Côte-des-Neiges–Notre-Dame-de-Grâce Mayor Sue Montgomery is claiming victory, after a Quebec Superior Court Judge granted a permanent injunction forcing the City of Montreal to lift restrictions against Montgomery’s chief of staff, Anna Lisa Harris.
Under the restrictions, Harris was not allowed to communicate with borough employees or take part in any meetings with borough officials.
“I’m very relieved. It’s a great day for democracy. It’s a great day for justice and a great day for the people of Côte-des-Neiges,” Montgomery said on Friday.
The city’s comptroller general made the recommendations following an investigation that determined Harris had psychologically harassed two members of the borough staff.
Montgomery argued the measures against Harris were unjustified and and made it very difficult for Harris to do her job. Montgomery equated it to a firing in disguise.
In his decision, the judge agreed that the directives issued by the comptroller general were “unreasonable” and too “broad.”
Montgomery’s lawyer, Eric Oliver, said he was not surprised with the judge’s decision.
“The comptroller general has only the power of council,” he said. “He has no power to decide to move employees, to remove them without pay, without the approval of the elected officials. So we’re quite happy with the result.”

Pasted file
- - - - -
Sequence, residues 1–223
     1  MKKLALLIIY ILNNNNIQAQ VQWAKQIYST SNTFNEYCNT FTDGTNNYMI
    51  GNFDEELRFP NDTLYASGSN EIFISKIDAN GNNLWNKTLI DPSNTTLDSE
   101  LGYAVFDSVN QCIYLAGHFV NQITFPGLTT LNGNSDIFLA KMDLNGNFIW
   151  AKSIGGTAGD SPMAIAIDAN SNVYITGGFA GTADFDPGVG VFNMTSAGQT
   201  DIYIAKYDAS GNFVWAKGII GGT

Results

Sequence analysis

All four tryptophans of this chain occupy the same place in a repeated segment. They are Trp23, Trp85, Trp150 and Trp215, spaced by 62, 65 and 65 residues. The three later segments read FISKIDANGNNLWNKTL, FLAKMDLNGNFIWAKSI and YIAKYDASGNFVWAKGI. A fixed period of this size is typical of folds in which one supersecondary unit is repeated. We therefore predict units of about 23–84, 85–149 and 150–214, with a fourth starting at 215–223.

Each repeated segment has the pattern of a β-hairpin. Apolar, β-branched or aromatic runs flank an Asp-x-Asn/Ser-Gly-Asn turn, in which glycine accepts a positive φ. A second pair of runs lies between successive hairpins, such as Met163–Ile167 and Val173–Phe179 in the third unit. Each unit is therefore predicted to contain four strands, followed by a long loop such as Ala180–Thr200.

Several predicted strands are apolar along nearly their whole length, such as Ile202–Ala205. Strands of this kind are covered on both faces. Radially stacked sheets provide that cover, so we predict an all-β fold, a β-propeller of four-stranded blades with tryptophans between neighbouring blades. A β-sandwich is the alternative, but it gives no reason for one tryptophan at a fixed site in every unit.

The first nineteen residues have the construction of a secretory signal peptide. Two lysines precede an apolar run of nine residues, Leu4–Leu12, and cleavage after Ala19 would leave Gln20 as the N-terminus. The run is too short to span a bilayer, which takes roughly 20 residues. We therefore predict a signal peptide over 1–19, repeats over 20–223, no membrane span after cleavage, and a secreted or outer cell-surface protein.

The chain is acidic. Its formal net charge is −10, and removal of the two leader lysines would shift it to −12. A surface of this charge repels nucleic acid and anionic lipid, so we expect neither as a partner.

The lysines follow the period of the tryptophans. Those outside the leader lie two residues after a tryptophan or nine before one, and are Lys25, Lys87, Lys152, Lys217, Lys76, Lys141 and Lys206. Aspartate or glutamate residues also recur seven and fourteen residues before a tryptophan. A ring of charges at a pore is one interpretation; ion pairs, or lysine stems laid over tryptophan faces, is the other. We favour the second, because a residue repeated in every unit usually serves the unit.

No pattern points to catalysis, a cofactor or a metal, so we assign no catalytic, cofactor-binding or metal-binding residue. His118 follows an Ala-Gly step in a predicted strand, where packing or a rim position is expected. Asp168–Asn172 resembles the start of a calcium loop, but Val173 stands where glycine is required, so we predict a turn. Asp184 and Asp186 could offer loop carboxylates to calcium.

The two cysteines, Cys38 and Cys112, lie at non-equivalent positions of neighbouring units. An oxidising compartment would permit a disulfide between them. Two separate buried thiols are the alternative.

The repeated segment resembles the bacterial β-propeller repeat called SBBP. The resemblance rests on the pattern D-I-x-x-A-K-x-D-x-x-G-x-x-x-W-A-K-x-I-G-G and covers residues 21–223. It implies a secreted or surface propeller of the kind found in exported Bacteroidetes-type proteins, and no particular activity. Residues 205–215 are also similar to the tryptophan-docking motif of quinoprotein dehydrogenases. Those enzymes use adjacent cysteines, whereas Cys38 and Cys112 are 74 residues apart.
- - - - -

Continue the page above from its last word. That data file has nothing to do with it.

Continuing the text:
The judge, however, said the ruling doesn’t mean that the city can’t emit new directives, but noted they need to be reasonable and “proportional to the facts under study.”
Montgomery and Harris say the decision will allow for a return to normal.
“For me, it means I can do my job,’ Harris said.
“My job is to work on behalf of the people of Côte-des-Neiges–Notre-Dame-de-Grâce. My job is to get elected officials all the information they need in order to do their jobs, in order to make decisions on behalf of the borough. My job is to help residents with their problems. If I can’t communicate with bureaucrats, I can’t do my job.”
The city for its part said it had taken note of the judgement. It notes that Justice Bernard Synnott confirmed that there the workplace climate at the borough is unhealthy and that the mayor had a role in that. They say they will review the judgement to find options to find long-term solutions to improve the situation.